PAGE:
Not sure if this question has been addressed before so apologies if so.

If I’m understanding what I read correctly, there is (very probably) no such thing as hidden variables- a quantum does not contain any sort of property that determines what the outcome of a measurement on it will be. I’m fine with that. But what about correlation itself- the fact that if one quantum is measured as + the other will always be - ? In other words, where does correlation come from, where does it end, and where does the property of “oppositeness” between the two reside in the meantime? What does it mean, other than to predict the outcome of measurements, to say that two quanta are entangled while two random other quanta are not?

I would refer to them as “particles” rather than “quanta”…

Anyway, the state of the particle(s) is given by some function \psi. Suppose there are two particles; then the total state will satisfy something like \psi(x,y) = \psi_1(x)\psi_2(y). However, if they are “entangled” then you will not be able to separate variables like that, namely you will have something like eg \psi(x,y) = \sin(7\pi x)\sin(\pi y) + \sin(5 \pi x)\sin(5 \pi y), now if you measure x it tells you something new about y

This absolute correlation (or anticorrelation) only happens when the two experiments both measure the exact same variable (for instance, both measuring the y component of the spin of a particle). And for some other pairs of variables, you get exactly zero correlation (for instance, measuring components of spins at right angles to each other). Both of those could be explained by hidden variables, and neither is all that interesting.

Where things get really interesting is in between those two cases: For instance, measuring the component of spin along two different axes at an acute angle to each other. In that case, you’ll get a correlation, but it’ll be only a partial correlation: Both measurements will usually be opposite of each other, but not always. What’s interesting about this is that Bell was able to calculate just exactly how much correlation you could get, in such cases, using hidden variables, plus a small set of other assumptions that seem reasonable. But quantum mechanics actually finds a correlation that’s larger than Bell’s maximum possible correlation. And experiment agrees with quantum mechanics, not with Bell’s calculation.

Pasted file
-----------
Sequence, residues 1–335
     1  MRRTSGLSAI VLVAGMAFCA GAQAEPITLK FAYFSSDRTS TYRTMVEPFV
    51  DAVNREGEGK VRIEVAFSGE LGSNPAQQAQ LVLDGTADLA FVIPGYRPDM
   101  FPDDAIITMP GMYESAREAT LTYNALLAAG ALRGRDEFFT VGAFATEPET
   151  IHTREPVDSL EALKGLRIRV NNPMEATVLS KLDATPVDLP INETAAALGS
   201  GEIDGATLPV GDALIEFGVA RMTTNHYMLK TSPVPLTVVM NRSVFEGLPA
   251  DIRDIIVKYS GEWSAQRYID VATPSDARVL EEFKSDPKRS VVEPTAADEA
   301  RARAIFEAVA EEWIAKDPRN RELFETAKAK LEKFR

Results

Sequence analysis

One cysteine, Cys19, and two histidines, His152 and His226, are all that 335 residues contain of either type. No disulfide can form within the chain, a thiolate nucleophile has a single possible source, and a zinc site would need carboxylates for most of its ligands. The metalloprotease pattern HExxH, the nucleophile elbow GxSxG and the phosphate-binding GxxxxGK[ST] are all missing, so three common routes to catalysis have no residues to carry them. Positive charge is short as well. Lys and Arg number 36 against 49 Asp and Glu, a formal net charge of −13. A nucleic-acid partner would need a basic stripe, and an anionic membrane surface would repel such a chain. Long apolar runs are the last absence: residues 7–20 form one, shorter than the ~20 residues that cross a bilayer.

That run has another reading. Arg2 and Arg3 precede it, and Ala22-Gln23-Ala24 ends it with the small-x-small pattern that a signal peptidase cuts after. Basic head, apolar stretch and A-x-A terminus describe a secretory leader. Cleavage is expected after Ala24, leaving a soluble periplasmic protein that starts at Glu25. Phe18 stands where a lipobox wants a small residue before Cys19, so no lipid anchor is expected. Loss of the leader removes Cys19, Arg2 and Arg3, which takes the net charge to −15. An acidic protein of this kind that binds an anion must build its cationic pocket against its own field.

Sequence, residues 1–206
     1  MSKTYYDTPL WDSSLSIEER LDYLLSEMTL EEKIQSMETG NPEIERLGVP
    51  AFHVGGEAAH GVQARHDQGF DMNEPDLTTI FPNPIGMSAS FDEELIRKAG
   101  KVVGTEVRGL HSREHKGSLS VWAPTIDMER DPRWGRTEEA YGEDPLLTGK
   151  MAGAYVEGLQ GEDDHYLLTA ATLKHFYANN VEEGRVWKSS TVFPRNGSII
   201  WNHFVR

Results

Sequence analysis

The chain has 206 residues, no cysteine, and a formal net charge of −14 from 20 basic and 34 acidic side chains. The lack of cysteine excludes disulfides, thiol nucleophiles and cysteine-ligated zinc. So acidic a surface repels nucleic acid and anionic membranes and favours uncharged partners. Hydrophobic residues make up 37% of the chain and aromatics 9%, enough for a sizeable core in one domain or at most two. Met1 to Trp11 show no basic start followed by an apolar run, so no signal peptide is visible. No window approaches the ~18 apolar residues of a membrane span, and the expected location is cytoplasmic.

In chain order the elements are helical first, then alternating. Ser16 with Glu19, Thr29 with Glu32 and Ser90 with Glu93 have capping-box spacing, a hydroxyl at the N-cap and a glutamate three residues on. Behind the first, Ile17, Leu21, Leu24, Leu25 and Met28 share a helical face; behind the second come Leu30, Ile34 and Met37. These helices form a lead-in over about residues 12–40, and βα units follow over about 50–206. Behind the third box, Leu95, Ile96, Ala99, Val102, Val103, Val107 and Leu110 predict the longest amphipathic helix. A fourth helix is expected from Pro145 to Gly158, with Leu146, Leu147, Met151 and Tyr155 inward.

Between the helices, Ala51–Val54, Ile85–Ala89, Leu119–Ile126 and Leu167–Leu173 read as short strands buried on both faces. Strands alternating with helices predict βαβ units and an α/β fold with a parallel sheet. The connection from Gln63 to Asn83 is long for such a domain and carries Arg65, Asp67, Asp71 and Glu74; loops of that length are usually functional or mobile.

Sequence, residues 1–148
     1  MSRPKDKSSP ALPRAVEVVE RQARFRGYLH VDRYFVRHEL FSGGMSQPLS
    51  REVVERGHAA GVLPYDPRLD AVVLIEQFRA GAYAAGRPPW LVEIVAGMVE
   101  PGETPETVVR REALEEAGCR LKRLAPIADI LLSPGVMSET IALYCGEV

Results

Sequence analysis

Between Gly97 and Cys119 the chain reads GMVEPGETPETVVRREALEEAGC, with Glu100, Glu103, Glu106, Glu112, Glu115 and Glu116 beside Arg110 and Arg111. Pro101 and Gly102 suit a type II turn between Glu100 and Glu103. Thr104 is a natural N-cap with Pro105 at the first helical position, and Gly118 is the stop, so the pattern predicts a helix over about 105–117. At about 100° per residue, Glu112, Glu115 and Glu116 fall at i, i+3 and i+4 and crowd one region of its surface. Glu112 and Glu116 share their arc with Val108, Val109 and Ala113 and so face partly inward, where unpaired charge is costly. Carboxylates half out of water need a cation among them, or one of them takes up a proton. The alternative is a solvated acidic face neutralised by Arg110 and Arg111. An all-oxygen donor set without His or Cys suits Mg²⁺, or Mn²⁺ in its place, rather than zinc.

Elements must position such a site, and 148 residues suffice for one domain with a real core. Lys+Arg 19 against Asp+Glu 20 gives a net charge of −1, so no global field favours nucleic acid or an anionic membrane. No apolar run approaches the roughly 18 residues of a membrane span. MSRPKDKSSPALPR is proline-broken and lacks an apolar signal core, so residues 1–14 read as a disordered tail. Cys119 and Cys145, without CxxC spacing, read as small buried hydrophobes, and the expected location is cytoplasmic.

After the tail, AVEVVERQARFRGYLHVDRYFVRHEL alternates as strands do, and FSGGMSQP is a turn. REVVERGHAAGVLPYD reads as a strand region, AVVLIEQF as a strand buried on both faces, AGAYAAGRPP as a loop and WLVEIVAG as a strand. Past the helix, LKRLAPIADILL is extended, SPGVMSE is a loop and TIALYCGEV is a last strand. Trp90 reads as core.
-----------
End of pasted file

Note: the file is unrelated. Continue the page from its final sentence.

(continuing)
That’s what tells us that quantum mechanics doesn’t just run using hidden variables, and in fact must violate at least one of those reasonable-seeming assumptions.

In some ways, entanglement just means that something can’t happen, or that certain possibilities are less likely. Suppose you have two experiments that each have the outcome 0 or 1. We’ll represent two 0 measurements as |00> (so-balled bra-ket notation). The complete set of measurements is then (ignoring the overall scaling):
|00> + |01> + |10> + |11>

No entanglement there; each possible outcome has equal probability. But the set of measurements could be this instead:
|00> + |11>

In that case, the results of the two experiments are entangled (say, because they measured the spin of entangled particles).

There are intermediate possibilities as well. In the general case, our results could be:
a|00> + b|01> + c|10> + d|11>

Where a, b, c, and d are independent constants, subject to the constraint that |a|2+|b|2+|c|2+|d|2 = 1 (i.e., the probabilities sum to 1).

The best answer IMO would be that the entanglement is a property of the system under study. You can see this illustrated well in the previous answers as they talk about the quantum state, which is the quantum description of the system. Of course the idea of an isolated system with two paricles entangled with each other and nothing else is a useful fiction. That system is an inseperable part of a larger system and so on, until you get to the level of the Universe as a whole. That’s why the basic idea of many worlds theory is quite natural one in quantum mechanics.

There aren though hidden variable theories consistent with quantum mechanics, the most famous of these is Bohmian mechanics. In Bohmian mechanics the correlation doesn’t arise from the properties of particles, it arises from the quantum potential. The quantum potential is non-local and is defined on the configuration space of the system. Even in a hidden variables theory, entanglement remains a non-localized property of the system as a whole.